Classifieds powered by Gulf News

Creating news capsules for digital media

Offers best chance to connect with young readers

Gulf News

A trend that was first flagged in print journalism is now being reflected in the digital world. In short, it relates to the ability in summarising information.

Most users do not have the luxury of time to spend reading in-depth reports in print and it is no different for digital. Mediabistro this week explained why viral news will change the future of digital journalism.

One reasons is that users want something that they can understand on the fly. To do that, the big news must be condensed into digestible and shareable bits of information with only the essential information.

A good sample are the online videos on NowThisNews. The nub of the 90-minute Lance Armstrong interview with Oprah can be seen in a distilled 160 seconds. (To see it, go to

Infographics, photos and quotes also can become viral news. Infographics can be illustrated with full information that is interesting for users and allow the possibility of sharing with friends.

In the digital age, it is important to understand that the approach should be different, more friendly and less formal considering the number of young users that consume information. Different media require different approaches.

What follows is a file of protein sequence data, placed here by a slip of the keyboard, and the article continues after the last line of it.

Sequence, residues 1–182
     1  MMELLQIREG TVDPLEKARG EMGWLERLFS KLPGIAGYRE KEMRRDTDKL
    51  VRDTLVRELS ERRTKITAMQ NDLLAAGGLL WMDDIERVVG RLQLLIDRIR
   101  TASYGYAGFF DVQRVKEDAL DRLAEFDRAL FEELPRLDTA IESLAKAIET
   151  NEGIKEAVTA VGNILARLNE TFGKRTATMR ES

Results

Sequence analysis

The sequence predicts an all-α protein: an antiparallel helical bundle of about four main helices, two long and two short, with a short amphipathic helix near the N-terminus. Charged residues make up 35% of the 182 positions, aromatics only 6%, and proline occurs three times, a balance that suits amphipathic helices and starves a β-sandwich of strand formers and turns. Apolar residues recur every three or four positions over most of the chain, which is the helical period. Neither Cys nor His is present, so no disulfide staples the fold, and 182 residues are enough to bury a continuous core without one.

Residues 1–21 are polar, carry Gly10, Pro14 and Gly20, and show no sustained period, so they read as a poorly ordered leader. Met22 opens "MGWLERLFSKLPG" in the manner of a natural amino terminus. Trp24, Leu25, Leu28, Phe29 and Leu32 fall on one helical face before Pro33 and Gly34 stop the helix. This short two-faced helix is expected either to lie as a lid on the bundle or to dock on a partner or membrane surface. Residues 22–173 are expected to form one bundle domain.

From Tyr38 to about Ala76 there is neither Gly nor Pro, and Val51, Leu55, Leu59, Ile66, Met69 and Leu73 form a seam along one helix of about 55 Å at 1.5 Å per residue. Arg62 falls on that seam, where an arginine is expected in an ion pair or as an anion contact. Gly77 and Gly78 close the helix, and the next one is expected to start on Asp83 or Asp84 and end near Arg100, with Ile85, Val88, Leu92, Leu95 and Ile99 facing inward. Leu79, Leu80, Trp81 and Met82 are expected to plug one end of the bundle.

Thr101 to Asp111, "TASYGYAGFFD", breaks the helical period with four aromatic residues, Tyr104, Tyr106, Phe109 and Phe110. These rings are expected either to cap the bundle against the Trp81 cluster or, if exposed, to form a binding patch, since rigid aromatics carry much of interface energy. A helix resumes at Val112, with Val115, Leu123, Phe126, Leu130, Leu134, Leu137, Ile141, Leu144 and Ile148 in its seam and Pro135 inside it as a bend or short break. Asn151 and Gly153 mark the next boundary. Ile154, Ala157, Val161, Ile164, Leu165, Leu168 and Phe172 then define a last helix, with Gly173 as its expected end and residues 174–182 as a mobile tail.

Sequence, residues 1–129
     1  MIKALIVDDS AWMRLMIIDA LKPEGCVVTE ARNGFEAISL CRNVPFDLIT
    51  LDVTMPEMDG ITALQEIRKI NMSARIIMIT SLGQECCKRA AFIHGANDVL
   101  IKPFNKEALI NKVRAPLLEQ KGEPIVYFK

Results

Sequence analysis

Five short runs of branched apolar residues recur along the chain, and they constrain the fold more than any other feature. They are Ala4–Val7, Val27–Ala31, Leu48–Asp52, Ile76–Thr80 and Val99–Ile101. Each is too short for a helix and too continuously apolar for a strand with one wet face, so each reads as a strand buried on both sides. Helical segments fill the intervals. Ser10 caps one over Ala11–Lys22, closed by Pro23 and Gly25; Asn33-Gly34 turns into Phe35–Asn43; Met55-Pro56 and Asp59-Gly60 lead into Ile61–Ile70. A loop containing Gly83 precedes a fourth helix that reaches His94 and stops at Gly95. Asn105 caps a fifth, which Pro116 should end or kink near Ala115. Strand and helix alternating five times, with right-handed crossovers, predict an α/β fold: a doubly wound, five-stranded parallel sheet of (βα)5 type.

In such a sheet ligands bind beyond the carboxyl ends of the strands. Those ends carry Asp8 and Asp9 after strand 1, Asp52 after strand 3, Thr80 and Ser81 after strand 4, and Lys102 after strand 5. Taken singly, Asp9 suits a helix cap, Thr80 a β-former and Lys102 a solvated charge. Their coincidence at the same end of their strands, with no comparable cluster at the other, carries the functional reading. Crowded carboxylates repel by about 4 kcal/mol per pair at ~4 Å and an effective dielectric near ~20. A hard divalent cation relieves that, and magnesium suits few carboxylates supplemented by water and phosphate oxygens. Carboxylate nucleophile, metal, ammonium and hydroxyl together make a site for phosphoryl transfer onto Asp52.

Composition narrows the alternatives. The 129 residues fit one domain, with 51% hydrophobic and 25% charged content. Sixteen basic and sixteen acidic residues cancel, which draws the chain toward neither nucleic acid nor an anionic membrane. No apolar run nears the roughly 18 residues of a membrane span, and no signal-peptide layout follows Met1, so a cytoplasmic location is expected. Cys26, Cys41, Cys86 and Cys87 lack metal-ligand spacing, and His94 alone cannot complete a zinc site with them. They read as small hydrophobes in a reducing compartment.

FT gets more digital staff on board

In a memo sent to staff at the Financial Times, the editor Lionel Barber warned there will be a cut in personnel and a focus more on the digital platform.

“Our goal is to ensure a future for the FT in an increasingly competitive market,” Barber explained, noting that currently access via mobile FT already accounts for 25 per cent of all traffic. He stressed the journalism standards will remain high — original stories based on various sources.

While some staff are laid off, another 10 positions will open in digital, ensuring informations flow on online all day and not just at newspaper deadline time.

(Source: Mashable)

Atari files for bankruptcy

The North American division of Atari, the gaming maker behind popular titles such as River Raid, Pac-Man and Pong, has filed for bankruptcy and sought aid from Chapter 11 to secede from Atari French, which has been under-performing for 14 years. The intention of Atari US is to raise funds to develop mobile games - if he can replicate the success he had with games in the 1980s, it will be worth the risk.

(Source: Ubergizmo and Tecnoblog)

Time Warner stamps out violent ads

A few weeks after the tragedy of Sandy Hook, Time Warner Cable is prohibiting ads involving firearms. It will no longer accept commercial showing semi-automatic weapons and guns pointed at people, said the company.

“If essential to the business that this type of image is shown in the commercial, there are other options available in the market.”

The decision came shortly after a channel ran a campaign from the NRA calling Barack Obama as an “elitist hypocrite” in a critique of the president’s gun control initiative, since his daughters are protected by armed Secret Service agents.

(Source: Multichannel Info)